Wastewater surveillance of SARS-CoV-2 has acted as a complementary approach to clinical surveillance to monitor levels of the virus in wastewater as an early warning indicator of increasing community infections. At the NCM 2022, Samuel Fisch (Tulane University School of Public Health and Tropical Medicine, USA) explained how he used nanopore sequencing of wastewater for surveillance of SARS-CoV-2 levels in sewers from the Michigan State University campus. The results demonstrate that wastewater sequencing can be used as a rapid, real-time, cost-effective public health tool for detecting emerging SARS-CoV-2 variants.
Scalable sequencing for environmental research and conservation
From portable yet powerful Flongle and MinION devices to the flexible, high-throughput benchtop GridION and PromethION platforms — scale your sequencing to match your specific environmental sample sequencing requirements.
* Theoretical max output (TMO). Assumes system is run for 72 hours (or 16 hours for Flongle) at 420 bases / second. Actual output varies according to library type, run conditions, etc. TMO noted may not be available for all applications or all chemistries.
A powerful, portable, and affordable all-in-one sequencing and analysis device. Perform real-time sequencing at sample source for the fastest access to results. Ideal for in-field or lab-based analysis of eDNA, metabarcoding, and metagenomics.
Portable, USB-powered, automated sample extraction and library preparation — use predefined or custom protocols.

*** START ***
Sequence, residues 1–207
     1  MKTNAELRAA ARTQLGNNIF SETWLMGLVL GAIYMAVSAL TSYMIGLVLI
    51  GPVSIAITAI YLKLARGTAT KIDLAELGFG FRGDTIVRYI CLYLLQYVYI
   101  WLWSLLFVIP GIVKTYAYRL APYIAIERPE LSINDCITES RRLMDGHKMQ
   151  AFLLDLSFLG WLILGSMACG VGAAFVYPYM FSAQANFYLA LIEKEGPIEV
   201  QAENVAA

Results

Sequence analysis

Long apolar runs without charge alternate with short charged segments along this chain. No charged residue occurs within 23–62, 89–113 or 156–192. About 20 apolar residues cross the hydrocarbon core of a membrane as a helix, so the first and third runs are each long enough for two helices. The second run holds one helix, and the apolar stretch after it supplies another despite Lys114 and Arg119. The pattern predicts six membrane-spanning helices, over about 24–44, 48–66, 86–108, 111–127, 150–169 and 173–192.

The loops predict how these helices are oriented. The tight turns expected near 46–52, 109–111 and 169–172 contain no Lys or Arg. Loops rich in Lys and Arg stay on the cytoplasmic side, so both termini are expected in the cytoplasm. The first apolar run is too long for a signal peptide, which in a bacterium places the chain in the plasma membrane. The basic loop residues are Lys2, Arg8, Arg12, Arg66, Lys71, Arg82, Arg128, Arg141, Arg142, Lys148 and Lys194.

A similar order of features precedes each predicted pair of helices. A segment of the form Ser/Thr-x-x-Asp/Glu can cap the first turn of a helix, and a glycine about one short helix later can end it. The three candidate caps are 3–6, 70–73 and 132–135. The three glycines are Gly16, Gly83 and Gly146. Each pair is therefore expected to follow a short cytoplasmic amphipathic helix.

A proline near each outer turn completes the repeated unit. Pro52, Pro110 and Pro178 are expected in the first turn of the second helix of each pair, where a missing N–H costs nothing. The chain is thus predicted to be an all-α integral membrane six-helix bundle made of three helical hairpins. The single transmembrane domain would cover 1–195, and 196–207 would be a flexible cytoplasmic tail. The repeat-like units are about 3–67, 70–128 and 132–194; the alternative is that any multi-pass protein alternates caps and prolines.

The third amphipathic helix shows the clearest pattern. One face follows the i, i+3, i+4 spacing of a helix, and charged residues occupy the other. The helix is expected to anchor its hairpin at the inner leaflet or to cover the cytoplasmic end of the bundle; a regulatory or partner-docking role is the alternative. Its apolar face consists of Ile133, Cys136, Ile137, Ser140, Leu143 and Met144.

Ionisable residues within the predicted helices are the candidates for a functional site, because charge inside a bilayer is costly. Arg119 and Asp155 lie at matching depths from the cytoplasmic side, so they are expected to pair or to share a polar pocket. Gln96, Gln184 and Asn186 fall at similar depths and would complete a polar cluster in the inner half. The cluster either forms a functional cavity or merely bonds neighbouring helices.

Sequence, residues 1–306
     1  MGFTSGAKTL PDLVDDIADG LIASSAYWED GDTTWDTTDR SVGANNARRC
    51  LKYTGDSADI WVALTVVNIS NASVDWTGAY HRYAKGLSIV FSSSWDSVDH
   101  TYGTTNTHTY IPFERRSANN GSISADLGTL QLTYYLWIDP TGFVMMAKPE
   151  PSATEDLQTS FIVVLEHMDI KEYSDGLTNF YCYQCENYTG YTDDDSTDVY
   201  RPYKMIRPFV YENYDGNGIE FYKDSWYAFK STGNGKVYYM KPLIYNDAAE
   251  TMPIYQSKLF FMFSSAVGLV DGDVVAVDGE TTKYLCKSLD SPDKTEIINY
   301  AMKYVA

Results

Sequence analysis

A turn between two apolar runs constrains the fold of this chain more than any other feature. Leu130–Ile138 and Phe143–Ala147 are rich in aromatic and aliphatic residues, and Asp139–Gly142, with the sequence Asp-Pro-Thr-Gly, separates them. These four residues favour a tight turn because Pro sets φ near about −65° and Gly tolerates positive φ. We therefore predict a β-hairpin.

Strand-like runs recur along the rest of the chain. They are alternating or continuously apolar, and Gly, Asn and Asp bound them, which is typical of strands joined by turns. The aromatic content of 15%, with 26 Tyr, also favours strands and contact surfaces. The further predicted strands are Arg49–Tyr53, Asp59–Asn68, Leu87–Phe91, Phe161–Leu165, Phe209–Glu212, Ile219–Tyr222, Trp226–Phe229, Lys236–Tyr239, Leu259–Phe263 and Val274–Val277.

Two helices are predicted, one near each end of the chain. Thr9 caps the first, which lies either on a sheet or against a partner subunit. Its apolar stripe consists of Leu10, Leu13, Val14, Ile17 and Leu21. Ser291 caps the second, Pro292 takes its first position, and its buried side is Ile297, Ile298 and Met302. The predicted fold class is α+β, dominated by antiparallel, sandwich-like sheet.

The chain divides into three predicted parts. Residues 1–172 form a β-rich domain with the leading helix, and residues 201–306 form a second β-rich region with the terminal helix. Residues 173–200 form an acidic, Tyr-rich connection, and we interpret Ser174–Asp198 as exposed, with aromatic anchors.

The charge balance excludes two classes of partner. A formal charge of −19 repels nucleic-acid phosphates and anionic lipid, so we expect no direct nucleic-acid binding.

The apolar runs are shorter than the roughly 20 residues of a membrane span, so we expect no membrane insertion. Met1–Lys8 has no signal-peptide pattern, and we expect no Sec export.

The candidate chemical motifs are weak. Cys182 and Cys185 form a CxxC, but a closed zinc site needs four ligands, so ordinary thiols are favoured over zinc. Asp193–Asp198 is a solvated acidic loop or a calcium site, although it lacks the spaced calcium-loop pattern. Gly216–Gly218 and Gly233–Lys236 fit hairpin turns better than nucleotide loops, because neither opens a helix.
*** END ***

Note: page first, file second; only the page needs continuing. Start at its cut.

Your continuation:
Adapting MinION and GridION to run our lowest cost flow cells — ideal for low throughput metabarcoding projects.
All the benefits of real-time nanopore sequencing in a pocket-sized, USB-powered device — available from just $1,000, including sequencing reagents.
A compact benchtop device offering powerful integrated compute with on-demand access to 5 independent MinION Flow Cells — run multiple eDNA, metabarcoding, or metagenomics projects on a single device.
Offering two independent PromethION Flow Cells for low-cost access to high-output sequencing - ideal for smaller sample number whole-genome and transcriptome projects. Available to preorder now.
Offering 24 independent, high-capacity flow cells and powerful, integrated compute, PromethION 24 delivers flexible access to terabases of sequencing data — ideal for high-throughput labs and highly multiplexed samples.
Our most powerful platform, offering flexible, high-throughput sequencing using up to 48 independent, high-capacity flow cells — complete genomic and transcriptomic characterisation of large sample numbers.